The fact that there is some slight reduction is sweetness is actually a good thing. A ripe mango can be so sweet that eating even one is overpowering. By moderating the sweetness, these chips become much more snackable. In fact, they approach the perfect index of snackability – packed full of flavor, sweet, crunchy, easy to eat, and portable. It’s easy to munch on just one of these chips at a time, nibbling one down and enjoying the experiencing before going back to the back for the next one – a much more enjoyable experience than jamming handful after handful of Lays potato chips into your mouth.
I’ve never regarded dehydrated fruit chips as a particularly high-level snack . I’ve always felt they’re only really sold to people seeking a moderately healthier form of junk food. Since that defeats the purpose of junk food, and dehydrated fruit is often expensive, I’ve never really sought them out. These mango chips have turned me all around on the issue. These aren’t just another half-hearted substitute for genuinely tasty chips, they’re a superior snack food in their own right – more savory, more healthy, and more enjoyable than any bag of lays you’ll ever find.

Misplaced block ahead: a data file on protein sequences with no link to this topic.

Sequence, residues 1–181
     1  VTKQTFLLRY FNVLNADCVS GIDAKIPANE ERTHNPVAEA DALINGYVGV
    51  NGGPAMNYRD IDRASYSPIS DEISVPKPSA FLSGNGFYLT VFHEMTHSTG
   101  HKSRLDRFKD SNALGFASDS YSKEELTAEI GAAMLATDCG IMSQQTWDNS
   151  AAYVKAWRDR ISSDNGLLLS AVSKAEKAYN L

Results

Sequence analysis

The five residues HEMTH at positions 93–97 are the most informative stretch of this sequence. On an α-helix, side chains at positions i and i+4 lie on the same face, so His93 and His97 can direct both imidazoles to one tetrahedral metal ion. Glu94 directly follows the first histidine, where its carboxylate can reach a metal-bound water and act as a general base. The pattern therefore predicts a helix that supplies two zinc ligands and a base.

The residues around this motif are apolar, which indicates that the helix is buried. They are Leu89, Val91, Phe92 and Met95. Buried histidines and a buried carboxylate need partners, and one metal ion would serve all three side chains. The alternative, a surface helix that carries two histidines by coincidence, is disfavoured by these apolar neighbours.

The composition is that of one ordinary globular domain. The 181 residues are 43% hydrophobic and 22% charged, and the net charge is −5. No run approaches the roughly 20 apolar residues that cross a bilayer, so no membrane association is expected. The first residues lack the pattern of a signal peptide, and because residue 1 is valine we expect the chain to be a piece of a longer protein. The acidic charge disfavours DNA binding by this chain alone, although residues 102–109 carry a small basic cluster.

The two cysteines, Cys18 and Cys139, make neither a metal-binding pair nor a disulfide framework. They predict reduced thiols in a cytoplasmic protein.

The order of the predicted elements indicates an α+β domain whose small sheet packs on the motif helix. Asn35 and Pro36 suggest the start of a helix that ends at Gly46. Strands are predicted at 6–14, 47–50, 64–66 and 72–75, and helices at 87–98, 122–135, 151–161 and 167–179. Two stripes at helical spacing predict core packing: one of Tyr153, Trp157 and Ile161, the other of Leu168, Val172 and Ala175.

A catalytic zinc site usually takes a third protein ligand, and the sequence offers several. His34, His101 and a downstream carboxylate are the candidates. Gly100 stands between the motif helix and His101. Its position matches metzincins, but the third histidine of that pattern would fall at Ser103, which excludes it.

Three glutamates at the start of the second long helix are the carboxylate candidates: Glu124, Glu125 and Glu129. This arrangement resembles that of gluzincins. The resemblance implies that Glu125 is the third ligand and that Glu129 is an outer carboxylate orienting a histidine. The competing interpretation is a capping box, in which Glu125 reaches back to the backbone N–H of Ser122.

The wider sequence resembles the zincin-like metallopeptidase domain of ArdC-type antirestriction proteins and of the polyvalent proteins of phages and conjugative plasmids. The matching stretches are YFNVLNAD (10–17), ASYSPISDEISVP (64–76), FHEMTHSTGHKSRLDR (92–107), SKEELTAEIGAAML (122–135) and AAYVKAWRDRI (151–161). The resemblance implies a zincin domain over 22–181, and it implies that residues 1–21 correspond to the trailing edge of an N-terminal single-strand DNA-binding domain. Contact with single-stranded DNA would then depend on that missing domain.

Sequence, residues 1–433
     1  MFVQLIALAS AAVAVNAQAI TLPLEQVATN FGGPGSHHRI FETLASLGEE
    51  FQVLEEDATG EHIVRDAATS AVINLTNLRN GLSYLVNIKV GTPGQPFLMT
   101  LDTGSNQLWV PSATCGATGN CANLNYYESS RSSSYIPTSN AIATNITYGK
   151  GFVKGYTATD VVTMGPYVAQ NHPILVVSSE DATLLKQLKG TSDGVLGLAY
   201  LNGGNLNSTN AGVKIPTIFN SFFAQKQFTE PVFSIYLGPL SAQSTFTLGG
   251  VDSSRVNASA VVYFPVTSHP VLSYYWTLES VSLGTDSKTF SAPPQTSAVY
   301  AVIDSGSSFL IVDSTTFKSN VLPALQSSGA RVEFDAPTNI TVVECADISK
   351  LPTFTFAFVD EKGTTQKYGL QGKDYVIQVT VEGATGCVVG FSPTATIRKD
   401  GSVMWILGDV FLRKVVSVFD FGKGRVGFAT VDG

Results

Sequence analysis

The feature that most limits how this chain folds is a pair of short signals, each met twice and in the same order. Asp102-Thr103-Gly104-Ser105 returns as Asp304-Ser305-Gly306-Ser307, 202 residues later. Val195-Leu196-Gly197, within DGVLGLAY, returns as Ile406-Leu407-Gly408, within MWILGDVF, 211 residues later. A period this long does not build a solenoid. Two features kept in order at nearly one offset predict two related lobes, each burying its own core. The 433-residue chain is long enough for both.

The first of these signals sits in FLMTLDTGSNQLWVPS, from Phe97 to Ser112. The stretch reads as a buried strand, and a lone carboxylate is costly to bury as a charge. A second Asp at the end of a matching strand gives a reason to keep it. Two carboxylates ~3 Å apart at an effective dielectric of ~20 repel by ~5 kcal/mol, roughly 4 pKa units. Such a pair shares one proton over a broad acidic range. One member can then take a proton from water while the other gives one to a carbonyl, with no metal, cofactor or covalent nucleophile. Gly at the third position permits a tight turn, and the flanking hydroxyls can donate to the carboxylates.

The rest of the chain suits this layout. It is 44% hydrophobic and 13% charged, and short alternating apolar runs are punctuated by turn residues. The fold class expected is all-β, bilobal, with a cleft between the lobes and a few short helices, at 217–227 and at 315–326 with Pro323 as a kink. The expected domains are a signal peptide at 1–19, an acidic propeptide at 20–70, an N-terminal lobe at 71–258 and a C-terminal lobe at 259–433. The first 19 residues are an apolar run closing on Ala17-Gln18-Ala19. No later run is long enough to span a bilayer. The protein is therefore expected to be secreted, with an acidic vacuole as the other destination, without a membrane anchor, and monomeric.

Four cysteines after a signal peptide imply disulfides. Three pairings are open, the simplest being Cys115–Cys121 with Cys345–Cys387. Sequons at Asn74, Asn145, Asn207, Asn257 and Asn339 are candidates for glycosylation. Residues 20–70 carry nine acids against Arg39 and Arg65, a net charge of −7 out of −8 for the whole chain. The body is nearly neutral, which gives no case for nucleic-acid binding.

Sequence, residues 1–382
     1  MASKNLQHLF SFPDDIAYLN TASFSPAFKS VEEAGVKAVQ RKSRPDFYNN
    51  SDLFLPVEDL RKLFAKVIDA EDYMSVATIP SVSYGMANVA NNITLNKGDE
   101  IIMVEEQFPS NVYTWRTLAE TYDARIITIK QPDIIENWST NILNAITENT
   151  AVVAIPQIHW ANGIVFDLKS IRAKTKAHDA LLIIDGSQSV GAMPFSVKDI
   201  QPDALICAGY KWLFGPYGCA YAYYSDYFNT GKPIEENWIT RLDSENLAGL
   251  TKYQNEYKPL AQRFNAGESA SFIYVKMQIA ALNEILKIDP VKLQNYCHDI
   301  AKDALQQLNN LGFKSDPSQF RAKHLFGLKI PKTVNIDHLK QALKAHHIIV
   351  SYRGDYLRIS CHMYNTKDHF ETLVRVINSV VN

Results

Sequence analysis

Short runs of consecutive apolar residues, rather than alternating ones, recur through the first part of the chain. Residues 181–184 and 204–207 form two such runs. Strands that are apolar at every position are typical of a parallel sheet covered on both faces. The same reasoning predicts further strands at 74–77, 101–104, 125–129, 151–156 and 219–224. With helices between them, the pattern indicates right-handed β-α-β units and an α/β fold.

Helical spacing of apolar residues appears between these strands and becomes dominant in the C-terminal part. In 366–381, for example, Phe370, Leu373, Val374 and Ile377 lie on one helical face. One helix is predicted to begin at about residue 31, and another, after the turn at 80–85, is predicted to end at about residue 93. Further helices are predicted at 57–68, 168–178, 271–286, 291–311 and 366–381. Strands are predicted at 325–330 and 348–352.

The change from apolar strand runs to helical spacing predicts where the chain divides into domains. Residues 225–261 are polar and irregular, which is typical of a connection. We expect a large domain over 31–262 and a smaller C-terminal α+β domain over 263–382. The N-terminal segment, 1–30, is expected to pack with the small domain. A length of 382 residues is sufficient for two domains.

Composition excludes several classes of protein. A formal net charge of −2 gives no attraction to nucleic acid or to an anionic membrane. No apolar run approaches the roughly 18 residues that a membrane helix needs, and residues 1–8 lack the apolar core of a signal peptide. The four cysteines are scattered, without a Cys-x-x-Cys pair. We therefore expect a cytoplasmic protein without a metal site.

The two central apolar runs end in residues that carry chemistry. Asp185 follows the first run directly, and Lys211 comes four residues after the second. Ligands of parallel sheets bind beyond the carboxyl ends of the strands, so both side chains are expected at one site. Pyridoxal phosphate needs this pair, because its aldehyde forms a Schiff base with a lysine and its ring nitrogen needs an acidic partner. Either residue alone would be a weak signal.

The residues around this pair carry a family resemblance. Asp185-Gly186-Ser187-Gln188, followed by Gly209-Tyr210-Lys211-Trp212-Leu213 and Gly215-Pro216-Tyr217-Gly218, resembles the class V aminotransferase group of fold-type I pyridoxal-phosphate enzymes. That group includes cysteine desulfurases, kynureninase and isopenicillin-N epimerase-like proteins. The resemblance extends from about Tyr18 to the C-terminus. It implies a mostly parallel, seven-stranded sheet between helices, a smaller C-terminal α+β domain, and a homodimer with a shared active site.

Would I Recommend It: Yes, these are a superior snacking experience.
Would I Buy Them Again: I’d pick these up over a can of Pringles any day.
Final Synopsis: Tasty, simple, dehydrated snack food with loads of mango flavor.
Trader Joe’s Gluten Free, Raw, Vegan Fruit Bars – (Apple & Strawberry, Apple & Mango, Apple & Banana, and Apple & Coconut)Posted: June 3, 2014
With the addition of Trader Joe’s Apple and [blank] Fruit Bars, they have added another participant to the already crowded Trader Joe’s fruit bar arena. How, I wondered as I picked these up, could Joe possible justify the existence of a third, no nonsense, “healthy” fruit bar?